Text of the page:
I understand the frustration here - I create the invoices for a small long distance phone company (reseller).
    The big thing that people seem to be missing here, is that most of these extra fees are TAXES. Federal, state, county, local - they've learned that one place they (the government) can slap on extra fees and people can't complain, is on phone bills. Customers blame the fees on the phone companies, not on the government! These taxes are also variable depending upon where you call, so we can't tell you for sure how much they are going to be. I'm not even able to use formulas for calculating these taxes - we have to send our data out to a tax calculation company, who then sends it to a regulatory compliance company, and so on.
    On our invoices, we detail exactly who's getting the money, and let me assure you, it isn't us. There are even plenty of taxes we pay that we aren't allowed to "pass on to the consumer".
    The one variable is the "Universal Service Fund" which should be about 8% - but companies are sometimes allowed to tack on extra fees there which are rationalized as "cost of collecting the tax". I disagree with adding these fees but my company does anyway.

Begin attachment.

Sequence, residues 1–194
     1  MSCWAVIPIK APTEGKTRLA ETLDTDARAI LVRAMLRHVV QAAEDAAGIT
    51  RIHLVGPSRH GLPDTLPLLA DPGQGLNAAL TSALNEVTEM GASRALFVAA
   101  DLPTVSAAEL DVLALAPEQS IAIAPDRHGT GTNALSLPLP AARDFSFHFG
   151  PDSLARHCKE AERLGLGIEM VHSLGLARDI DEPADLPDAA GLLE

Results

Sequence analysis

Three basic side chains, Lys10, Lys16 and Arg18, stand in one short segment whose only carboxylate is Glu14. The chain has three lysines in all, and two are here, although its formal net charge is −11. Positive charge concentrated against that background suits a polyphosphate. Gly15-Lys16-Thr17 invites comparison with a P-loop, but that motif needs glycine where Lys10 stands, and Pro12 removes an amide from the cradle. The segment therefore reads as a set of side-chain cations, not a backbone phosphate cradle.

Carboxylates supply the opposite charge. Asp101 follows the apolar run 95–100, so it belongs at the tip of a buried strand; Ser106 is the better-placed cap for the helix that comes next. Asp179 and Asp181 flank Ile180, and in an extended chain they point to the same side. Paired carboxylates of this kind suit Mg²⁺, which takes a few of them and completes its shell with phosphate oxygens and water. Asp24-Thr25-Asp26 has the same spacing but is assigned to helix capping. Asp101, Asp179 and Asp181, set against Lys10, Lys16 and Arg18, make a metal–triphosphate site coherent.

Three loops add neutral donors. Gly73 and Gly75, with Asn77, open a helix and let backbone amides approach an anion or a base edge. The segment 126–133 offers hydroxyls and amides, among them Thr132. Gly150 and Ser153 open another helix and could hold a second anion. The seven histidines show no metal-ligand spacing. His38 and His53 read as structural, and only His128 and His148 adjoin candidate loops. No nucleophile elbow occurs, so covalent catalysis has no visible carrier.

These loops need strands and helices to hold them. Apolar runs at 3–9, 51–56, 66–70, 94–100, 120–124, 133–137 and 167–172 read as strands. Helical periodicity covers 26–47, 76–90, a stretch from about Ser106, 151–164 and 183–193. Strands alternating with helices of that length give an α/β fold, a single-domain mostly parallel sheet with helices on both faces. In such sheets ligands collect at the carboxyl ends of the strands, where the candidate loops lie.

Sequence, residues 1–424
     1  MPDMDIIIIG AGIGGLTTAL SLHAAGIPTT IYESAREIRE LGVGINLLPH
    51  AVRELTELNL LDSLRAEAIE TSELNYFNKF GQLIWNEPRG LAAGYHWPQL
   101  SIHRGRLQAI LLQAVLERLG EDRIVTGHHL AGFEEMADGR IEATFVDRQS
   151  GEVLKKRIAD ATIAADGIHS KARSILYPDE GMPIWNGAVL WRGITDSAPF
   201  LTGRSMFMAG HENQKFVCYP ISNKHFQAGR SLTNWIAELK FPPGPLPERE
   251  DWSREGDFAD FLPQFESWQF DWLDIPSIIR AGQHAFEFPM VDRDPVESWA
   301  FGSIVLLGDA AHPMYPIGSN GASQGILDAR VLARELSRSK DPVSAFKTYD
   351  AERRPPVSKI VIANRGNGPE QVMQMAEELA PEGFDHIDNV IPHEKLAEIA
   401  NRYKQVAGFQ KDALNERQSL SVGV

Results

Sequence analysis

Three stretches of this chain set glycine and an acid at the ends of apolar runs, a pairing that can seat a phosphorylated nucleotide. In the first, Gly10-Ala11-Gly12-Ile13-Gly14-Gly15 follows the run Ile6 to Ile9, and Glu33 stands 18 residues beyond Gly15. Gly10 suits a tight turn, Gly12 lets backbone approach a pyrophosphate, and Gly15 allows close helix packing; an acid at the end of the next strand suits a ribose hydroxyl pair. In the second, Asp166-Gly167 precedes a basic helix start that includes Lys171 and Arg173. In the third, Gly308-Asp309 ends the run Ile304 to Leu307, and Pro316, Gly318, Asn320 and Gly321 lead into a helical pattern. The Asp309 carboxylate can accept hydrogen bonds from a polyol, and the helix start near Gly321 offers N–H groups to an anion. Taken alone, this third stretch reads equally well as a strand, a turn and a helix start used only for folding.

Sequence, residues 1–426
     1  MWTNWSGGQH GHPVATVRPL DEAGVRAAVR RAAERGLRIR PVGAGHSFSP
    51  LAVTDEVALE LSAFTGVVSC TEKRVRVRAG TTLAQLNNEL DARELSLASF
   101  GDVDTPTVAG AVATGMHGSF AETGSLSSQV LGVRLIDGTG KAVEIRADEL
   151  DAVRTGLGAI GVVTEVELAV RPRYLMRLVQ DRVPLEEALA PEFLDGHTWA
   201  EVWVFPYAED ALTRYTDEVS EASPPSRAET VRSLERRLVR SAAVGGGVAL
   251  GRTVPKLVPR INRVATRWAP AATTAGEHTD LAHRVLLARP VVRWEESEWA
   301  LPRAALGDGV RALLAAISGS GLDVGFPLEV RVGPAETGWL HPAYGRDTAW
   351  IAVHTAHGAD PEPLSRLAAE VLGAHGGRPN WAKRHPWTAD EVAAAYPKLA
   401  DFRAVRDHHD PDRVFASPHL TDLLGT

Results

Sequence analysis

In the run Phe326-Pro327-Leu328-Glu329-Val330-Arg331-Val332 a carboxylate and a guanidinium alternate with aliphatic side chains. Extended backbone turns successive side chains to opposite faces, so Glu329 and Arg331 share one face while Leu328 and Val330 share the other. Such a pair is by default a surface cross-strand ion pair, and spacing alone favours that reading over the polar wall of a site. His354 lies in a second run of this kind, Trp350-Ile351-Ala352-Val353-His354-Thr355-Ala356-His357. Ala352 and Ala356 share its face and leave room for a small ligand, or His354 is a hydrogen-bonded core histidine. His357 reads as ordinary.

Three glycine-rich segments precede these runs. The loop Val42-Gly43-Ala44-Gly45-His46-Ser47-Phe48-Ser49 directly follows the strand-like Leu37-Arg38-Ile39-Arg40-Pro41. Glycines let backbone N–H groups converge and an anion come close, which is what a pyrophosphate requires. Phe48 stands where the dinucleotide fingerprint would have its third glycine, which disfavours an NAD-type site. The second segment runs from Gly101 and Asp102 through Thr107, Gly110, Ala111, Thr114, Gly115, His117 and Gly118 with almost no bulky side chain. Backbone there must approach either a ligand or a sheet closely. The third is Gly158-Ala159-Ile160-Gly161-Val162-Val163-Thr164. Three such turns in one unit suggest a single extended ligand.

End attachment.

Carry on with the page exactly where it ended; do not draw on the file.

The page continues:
That said, prepaid phone services are normally a rip-off compared to discount per-minute services. If you use less than the max amount, they make a killer profit - if you consistently use more than the max amount they find a way to charge you or cancel you.

    reply to this | link to this | view in chronology ]

  • identicon
    VonageAdvocate, 9 Sep 2003 @ 12:35pm

    No Subject Given


    Go with Vonage. You won't regret it. I've been using Vonage for almost a year now and even with my cable modem outages, it's been worth it. I pay $27 a month and have never used all my minutes. If the cable modem goes out, Vonage automatically forwards to my cell phone. They now have 911 dialing also (however no enhanced 911).

    reply to this | link to this | view in chronology ]

  • identicon
    Anonymous Coward, 9 Sep 2003 @ 2:28pm

    No Subject Given

    What a stupid waste of time.
    Get BASIC service.
    Buy prepaid long distance cards.
    Problem solved.

    reply to this | link to this | view in chronology ]

  • identicon
    Mike Schneider, 29 Aug 2007 @ 1:58pm

    Google Vonage + "worst company" for an eyefull.

    You've been warned.

    reply to this | link to this | view in chronology ]